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News & Trends - Pharmaceuticals

Addressing the ‘blind spot’ in the cancer care system

Health Industry Hub | July 31, 2023 |

Pharma News: Cancer patients face an uphill battle, not just against their illness, but also against a lesser-known adversary: financial toxicity. According to researchers from UNSW Sydney, these escalating financial burdens need to be brought to the forefront of discussions surrounding cancer care.

Dr Jordana McLoone, from UNSW Medicine & Health and the Kids Cancer Centre at Sydney Children’s Hospital, defines financial toxicity as the adverse impact stemming from the overwhelming cost of cancer treatments. It encompasses both direct expenses related to treatment and indirect out-of-pocket costs for care, follow-up appointments, and potential loss of income due to time off work.

Inequities in financial toxicity primarily affect people residing outside metropolitan areas and those already in vulnerable financial situations. As the cost of living continues to rise in Australia, an increasing number of cancer patients are likely to suffer from this debilitating issue.

Surprisingly, financial toxicity remains a “blind spot” within the cancer care system, according to Dr. McLoone. To address this pressing concern, she has been leading research efforts as part of the Clinical Oncology Society of Australia (COSA) Financial Toxicity Working Group. The group aims to understand how healthcare professionals perceive and approach financial toxicity and to develop innovative solutions to tackle the problem head-on.

A recent nationwide survey, led by Dr McLoone and Professor Louisa Gordon from QIMR Berghofer, revealed that 88% of oncology healthcare professionals believe that discussions about financial toxicity are integral to providing high-quality care. However, 28 percent of these professionals struggle to address the topic due to time constraints during consultations and lack of information about available support services and resources.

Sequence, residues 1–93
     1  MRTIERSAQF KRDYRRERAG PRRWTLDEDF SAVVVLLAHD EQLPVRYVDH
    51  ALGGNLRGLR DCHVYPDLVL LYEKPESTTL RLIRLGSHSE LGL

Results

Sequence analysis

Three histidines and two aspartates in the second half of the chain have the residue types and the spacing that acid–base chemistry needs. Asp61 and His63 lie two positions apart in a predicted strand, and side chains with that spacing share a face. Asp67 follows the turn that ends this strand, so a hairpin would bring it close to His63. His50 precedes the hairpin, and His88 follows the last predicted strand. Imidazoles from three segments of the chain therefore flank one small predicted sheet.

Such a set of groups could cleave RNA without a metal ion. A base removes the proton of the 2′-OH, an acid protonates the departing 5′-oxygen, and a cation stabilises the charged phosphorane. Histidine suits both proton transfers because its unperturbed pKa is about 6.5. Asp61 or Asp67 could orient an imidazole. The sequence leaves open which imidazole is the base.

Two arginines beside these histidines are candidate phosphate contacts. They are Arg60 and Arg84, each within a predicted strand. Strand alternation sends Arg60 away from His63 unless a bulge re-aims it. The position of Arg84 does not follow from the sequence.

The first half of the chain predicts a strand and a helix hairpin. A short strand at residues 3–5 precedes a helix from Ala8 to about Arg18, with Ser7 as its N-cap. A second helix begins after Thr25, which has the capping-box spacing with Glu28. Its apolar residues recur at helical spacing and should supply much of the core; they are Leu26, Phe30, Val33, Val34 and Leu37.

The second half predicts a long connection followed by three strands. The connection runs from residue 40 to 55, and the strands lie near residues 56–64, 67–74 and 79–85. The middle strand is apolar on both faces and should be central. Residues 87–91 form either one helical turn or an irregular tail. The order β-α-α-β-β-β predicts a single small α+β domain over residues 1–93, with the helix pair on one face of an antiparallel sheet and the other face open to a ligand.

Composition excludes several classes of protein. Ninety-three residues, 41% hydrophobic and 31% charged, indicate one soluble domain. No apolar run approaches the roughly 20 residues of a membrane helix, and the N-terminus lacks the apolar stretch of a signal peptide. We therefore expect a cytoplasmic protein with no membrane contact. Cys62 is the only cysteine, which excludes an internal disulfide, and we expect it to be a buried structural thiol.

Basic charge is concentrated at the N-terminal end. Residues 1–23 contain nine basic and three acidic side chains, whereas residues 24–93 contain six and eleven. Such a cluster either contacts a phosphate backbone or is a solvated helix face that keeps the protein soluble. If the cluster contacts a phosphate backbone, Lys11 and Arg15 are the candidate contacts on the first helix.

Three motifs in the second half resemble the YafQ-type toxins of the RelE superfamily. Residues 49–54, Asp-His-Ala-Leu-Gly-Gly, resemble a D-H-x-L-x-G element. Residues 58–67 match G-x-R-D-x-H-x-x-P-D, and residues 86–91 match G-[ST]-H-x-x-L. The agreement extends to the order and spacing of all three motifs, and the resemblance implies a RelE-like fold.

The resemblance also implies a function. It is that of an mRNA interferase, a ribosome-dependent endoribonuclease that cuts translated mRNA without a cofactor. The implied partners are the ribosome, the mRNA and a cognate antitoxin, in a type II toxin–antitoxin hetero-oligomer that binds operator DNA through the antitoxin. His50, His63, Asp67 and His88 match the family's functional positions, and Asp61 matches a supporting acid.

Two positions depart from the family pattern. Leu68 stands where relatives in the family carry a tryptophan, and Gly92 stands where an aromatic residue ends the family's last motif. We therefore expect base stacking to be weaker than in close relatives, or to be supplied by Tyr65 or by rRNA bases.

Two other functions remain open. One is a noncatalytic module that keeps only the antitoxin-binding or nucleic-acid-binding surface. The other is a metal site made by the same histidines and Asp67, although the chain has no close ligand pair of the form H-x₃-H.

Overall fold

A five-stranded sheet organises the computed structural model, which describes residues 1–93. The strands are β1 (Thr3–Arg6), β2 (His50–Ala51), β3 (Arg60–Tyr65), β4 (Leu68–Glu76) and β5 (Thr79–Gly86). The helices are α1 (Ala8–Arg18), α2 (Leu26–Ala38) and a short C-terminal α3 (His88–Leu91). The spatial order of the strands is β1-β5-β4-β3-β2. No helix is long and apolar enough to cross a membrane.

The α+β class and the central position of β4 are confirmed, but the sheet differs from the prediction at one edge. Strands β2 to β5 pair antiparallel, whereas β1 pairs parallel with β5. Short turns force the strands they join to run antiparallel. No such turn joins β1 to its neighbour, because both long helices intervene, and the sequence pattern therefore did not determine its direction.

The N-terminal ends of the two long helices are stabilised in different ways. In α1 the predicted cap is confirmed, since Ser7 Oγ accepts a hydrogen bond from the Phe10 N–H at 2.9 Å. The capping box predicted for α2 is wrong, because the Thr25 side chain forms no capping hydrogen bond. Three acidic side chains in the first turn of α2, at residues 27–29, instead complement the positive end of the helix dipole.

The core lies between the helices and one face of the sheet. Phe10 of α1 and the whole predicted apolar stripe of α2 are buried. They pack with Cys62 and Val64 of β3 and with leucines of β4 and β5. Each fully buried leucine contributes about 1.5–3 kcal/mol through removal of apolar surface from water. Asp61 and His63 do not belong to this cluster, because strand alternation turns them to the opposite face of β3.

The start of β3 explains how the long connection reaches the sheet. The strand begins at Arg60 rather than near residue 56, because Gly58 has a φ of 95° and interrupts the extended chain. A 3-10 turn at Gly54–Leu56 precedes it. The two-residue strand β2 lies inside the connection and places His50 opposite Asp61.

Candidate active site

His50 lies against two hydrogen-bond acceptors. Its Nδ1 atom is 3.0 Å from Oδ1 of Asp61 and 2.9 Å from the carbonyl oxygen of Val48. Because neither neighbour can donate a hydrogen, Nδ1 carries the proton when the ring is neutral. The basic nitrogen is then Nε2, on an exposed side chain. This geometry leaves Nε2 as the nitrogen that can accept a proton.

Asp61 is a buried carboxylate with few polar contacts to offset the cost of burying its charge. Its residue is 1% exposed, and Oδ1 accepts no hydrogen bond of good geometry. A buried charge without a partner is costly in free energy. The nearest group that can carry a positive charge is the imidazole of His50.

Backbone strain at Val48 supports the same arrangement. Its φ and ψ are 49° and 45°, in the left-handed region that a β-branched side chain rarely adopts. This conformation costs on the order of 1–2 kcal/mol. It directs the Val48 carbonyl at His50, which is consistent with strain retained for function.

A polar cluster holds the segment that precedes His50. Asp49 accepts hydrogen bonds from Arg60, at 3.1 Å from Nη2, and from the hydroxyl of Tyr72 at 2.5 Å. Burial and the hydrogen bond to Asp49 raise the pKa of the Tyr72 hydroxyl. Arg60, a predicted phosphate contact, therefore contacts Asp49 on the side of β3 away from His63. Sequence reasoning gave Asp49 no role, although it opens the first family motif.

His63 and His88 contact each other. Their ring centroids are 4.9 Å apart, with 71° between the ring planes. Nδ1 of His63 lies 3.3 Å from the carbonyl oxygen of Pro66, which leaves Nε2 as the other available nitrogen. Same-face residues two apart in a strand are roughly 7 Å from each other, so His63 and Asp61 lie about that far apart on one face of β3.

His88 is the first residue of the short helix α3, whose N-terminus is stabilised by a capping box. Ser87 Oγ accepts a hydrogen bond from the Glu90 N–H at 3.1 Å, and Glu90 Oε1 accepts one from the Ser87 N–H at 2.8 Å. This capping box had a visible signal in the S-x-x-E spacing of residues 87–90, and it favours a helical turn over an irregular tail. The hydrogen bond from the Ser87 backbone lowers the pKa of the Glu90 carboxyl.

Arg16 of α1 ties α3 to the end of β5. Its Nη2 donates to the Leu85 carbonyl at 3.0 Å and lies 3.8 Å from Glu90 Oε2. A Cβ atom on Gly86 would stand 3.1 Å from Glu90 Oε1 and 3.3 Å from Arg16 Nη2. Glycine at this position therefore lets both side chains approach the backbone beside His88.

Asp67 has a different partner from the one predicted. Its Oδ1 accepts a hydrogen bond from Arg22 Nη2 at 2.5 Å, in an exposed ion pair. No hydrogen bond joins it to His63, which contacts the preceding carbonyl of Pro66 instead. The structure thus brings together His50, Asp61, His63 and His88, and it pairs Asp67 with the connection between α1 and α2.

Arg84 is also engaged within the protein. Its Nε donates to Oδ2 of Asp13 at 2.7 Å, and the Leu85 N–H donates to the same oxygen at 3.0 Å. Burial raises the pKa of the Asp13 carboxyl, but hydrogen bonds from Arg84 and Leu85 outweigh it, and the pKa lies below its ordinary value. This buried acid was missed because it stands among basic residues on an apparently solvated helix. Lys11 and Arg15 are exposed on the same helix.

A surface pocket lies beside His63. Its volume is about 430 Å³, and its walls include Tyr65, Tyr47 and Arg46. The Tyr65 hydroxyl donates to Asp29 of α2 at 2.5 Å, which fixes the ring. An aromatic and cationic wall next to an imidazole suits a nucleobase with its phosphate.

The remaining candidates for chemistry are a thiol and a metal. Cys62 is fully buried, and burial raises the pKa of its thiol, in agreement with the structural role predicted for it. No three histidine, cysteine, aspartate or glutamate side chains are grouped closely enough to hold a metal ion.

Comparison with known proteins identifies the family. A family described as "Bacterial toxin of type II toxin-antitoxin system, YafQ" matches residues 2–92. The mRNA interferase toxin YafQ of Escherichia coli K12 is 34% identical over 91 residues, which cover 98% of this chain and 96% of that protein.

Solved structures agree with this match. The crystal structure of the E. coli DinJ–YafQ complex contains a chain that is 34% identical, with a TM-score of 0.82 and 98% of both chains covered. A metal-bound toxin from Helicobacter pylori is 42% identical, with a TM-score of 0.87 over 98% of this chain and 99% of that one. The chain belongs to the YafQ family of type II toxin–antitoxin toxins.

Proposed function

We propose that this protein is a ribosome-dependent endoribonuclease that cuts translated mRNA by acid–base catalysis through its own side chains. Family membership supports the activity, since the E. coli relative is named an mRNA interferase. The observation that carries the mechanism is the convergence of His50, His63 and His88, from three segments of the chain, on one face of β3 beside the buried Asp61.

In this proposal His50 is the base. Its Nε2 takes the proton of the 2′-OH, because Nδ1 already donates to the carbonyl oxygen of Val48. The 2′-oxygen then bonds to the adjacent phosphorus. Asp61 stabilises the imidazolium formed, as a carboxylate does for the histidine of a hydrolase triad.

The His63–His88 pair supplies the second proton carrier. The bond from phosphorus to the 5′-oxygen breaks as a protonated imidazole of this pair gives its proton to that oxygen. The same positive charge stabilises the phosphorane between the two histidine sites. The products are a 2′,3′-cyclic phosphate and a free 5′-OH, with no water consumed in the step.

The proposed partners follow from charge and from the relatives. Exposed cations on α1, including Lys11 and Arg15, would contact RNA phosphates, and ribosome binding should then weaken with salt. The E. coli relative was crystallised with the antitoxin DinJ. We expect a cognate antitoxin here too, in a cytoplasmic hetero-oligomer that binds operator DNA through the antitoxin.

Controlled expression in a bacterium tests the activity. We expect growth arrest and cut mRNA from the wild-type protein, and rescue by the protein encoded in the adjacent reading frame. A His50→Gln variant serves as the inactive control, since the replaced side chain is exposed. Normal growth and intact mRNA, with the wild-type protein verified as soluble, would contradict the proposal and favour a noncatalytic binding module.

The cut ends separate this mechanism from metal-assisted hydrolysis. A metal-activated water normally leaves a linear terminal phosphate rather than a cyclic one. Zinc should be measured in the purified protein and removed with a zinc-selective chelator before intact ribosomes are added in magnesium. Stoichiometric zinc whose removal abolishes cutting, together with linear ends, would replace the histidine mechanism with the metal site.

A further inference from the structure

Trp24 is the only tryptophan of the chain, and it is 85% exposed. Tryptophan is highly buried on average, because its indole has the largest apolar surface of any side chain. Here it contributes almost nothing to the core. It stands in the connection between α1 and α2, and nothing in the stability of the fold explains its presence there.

Jessie Oldfield’s story serves as a poignant example of the financial hardships cancer patients endure. When she presented herself at the emergency department worried about pre-eclampsia during her pregnancy, she received a devastating diagnosis – cervical cancer. This launched her into a harrowing battle for survival, involving multiple rounds of costly radiotherapy and chemotherapy.

Traveling to receive treatment added to Jessie’s financial woes. While she received some assistance from support organisations, she still had to bear significant out-of-pocket expenses for travel and accommodations. The treatments themselves were also exorbitant, as she had to access chemotherapy and radiotherapy through the private system.

While Jessie and her son Jack are now doing well, she fears the possibility of cancer’s return, uncertain if she can afford future treatments with the increased costs of living and her responsibilities as a single mother.

To address financial toxicity, Dr McLoone suggests healthcare professionals undergo training to effectively communicate with patients about this crucial aspect of cancer care. Listening, acknowledging, validating, and offering support are vital elements in this process.

Nonetheless, solving financial toxicity requires addressing complex systemic issues as well. Some cancer patients find themselves ineligible for crucial support, such as the Disability Support Pension, due to technicalities that overlook the ongoing nature of their illness.

With cancer patients facing dire decisions like choosing between life-saving treatments and basic necessities, the COSA Financial Toxicity Working Group is pushing for collaboration among government, healthcare providers, patients, and researchers. They hosted a National Think Tank earlier this year to pave the way for combating financial toxicity. By working together, they aim to develop real solutions that will alleviate the burdensome financial strain faced by cancer patients and their families.

As cancer treatments continue to advance, it is crucial to ensure that financial barriers do not hinder patients’ access to life-saving therapies. The fight against cancer should extend beyond medical treatments and encompass a holistic approach, addressing the financial burden that patients bear during their battle against this relentless disease.

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